Troubling Trends in Alcohol Marketing & Misuse

Researchers observed that Americans, and women in particular, were drinking more during the pandemic, and this consumption was largely driven by stress (New York Times). In Vermont, among people who accessed VT Helplink—a statewide, public resource for finding substance use treatment and recovery services—alcohol was most frequently listed as the substance of concern in 2020 (Vermont Department of Health). Research shows that drinking to cope with stress is linked to higher rates of alcohol use disorder than other reasons for consumption (National Institute on Alcohol Abuse and Alcoholism).

During the pandemic, access to alcohol and other substances changed. In March 2020, Vermont Governor Phil Scott signed an executive order that allowed takeout of alcoholic beverages from bars and restaurants, as well as home delivery of alcohol. Act 70, which went into effect on July 1, 2021, authorizes alcohol sales via curbside pickup for another two years.

As the New York Times reports:

“…despite the worrying circumstances, at least 20 states are considering making permanent the relaxed alcohol rules they put in place during the pandemic. And alcohol manufacturers have exploited Covid-19 as a marketing tool to an extent that is “frustrating and surprising,” [Elyse Grossman, a policy fellow at Johns Hopkins] says. “They have used the pandemic to increase sales and oppose regulation. ‘You need time to yourself; you should be drinking. You need alcohol to relax; you need it to get through this pandemic.‘”

This exploitation of marketing and advertising has deadly consequences. Alcohol consumption is the third leading preventable cause of death in the United States (NIAAA), and alcohol is the number one substance consumed by teens, linked to more than 4,300 deaths per year (Partnership to End Addiction). Studies have shown that the more that young people are exposed to alcohol advertising, the more likely they are to begin drinking or, if already drinking, to drink more (Boston University Center on Alcohol Marketing and Youth).

Youth are exposed to alcohol advertising on television or the internet, and through outdoor or in-store signage in displays in supermarkets or convenience stores in the community. This advertising frequently targets and appeals to youth through placement (i.e., next to non-alcoholic sodas) and packaging design, such as colorful and single-serving sized packaging resembling fruity and sweet drinks such as soda, popsicles, or iced tea (PreventionWorks!). Additionally, the alcohol industry is increasingly targeting youth through social media advertising to promote positive social norms towards alcohol use (Preventive Medicine).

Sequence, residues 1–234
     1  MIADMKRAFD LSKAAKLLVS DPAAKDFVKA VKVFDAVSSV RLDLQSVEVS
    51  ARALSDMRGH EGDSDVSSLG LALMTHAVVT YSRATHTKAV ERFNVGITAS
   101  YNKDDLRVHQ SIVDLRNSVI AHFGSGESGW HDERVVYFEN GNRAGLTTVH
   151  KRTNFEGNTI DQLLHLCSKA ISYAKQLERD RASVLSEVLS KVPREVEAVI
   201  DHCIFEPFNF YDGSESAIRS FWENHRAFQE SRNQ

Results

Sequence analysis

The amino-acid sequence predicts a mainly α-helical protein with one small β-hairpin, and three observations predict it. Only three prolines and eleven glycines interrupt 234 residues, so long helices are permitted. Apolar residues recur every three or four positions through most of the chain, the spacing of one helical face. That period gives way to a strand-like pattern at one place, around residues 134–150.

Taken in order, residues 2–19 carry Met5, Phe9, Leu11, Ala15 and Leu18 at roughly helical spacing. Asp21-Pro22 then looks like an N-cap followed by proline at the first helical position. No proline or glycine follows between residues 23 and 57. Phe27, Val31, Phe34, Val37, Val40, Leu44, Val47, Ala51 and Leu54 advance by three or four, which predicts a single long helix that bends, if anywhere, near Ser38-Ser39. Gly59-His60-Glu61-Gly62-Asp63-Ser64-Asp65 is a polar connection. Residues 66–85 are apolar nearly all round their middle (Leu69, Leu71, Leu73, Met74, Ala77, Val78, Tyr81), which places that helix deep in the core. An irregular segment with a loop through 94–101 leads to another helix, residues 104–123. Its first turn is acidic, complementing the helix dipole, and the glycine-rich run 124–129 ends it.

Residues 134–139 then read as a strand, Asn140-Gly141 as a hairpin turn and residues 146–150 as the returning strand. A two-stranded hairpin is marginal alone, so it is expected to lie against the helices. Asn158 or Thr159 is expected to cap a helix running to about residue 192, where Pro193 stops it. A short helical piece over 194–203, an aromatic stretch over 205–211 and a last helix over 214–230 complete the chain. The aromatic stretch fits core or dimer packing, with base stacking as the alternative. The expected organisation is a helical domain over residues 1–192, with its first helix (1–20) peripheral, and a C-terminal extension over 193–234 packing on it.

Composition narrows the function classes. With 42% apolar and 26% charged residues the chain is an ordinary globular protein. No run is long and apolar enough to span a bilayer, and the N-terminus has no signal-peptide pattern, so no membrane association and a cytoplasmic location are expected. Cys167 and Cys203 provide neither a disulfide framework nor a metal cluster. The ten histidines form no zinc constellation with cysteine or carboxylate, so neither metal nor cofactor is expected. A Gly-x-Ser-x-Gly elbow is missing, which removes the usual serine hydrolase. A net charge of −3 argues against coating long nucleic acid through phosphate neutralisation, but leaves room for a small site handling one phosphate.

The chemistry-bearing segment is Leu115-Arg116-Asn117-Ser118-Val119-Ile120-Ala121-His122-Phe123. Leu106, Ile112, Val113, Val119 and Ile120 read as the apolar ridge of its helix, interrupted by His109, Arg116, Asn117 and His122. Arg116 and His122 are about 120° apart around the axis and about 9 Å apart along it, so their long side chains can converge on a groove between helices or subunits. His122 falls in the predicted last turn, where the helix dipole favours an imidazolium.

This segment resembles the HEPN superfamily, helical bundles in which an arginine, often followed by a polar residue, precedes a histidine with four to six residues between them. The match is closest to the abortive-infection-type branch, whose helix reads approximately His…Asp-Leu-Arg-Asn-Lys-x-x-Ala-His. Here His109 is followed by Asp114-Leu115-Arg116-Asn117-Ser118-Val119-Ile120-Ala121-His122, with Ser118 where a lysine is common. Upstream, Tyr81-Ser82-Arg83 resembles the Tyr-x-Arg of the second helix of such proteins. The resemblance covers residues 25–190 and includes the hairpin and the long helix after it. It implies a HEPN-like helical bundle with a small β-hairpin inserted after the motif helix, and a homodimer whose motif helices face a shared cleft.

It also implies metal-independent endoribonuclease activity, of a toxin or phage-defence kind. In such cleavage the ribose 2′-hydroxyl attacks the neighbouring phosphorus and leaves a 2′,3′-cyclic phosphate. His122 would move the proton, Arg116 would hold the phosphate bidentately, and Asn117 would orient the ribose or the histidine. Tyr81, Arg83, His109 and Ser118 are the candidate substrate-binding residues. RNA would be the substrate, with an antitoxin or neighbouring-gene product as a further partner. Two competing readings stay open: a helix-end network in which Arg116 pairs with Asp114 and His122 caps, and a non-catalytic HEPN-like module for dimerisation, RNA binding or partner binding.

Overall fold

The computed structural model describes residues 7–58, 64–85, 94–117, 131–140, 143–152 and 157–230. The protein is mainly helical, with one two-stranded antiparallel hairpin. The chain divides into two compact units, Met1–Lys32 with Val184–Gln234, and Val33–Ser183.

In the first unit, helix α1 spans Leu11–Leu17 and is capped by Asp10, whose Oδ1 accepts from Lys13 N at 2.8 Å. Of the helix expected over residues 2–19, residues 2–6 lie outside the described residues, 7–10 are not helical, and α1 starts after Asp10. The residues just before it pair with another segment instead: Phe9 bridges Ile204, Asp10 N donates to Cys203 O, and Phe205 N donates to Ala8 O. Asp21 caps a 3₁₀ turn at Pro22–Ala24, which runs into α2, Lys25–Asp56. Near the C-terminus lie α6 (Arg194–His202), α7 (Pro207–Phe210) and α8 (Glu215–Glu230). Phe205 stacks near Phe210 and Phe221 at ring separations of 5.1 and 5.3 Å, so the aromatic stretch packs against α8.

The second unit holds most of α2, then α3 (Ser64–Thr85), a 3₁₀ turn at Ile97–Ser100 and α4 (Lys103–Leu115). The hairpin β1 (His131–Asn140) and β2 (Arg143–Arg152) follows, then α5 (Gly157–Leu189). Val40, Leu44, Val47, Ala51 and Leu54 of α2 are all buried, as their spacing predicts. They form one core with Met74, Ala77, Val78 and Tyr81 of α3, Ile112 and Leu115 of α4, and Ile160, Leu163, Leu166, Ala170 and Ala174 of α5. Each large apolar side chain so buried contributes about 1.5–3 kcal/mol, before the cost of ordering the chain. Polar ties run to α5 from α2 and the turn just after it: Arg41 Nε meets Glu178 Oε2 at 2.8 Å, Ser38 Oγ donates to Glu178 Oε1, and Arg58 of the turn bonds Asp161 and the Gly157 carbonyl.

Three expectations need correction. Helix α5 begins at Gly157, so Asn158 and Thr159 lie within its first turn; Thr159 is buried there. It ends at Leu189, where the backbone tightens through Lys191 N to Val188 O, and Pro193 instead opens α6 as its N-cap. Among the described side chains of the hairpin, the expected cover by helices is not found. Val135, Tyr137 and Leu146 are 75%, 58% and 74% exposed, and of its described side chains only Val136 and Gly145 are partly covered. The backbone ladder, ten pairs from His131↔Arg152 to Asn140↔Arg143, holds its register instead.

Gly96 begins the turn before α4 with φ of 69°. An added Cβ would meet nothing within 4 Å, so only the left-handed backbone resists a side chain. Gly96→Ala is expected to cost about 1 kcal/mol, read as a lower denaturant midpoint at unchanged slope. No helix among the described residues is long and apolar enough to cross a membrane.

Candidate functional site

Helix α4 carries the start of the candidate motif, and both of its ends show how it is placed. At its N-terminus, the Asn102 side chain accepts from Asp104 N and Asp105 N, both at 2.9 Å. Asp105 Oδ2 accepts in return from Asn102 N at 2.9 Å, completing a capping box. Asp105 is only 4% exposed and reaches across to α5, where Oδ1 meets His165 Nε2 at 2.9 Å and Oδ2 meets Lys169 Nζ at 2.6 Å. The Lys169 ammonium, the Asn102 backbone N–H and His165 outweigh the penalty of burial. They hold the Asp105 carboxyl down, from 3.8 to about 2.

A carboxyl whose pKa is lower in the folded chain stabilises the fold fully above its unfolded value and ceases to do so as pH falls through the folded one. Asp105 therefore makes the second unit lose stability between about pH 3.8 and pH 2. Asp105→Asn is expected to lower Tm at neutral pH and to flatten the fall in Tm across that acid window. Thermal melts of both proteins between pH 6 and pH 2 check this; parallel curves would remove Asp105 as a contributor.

These frozen cocktails attract youth through bright colors, “fun” messaging, and packaging that resembles non-alcoholic freezer pops. Image via eatingwell.com

Finally, the home remains a primary source of alcohol for underage drinkers. Parents and other adults have the ability and responsibility to limit youths’ access to alcohol, especially at social gatherings hosted at home. If you’re hosting a gathering this summer, here are simple steps you can take to ensure that children and youth stay safe:

  • Provide non-alcoholic beverages. This also supports our friends and family members who are in recovery! Remember, if someone says “no, thank you” to an alcoholic drink, there’s no need to ask them why. Instead, offer a non-alcoholic beverage for them to enjoy.
  • Keep alcoholic and non-alcoholic beverages in separate coolers, and label these containers clearly. See Healthy Lamoille Valley‘s great examples below!
  • Have an adult monitor the alcohol during the gathering.
Cooler stickers created by Healthy Lamoille Valley’s Parent and Caregiver Workgroup
Cooler stickers created by Healthy Lamoille Valley’s Parent and Caregiver Workgroup

1 comment

  1. “Spiked with fun”? That’s highly problematic language—and I’m someone who works in the wine industry! Thanks for sharing all of this super-important information and sharing the tips.

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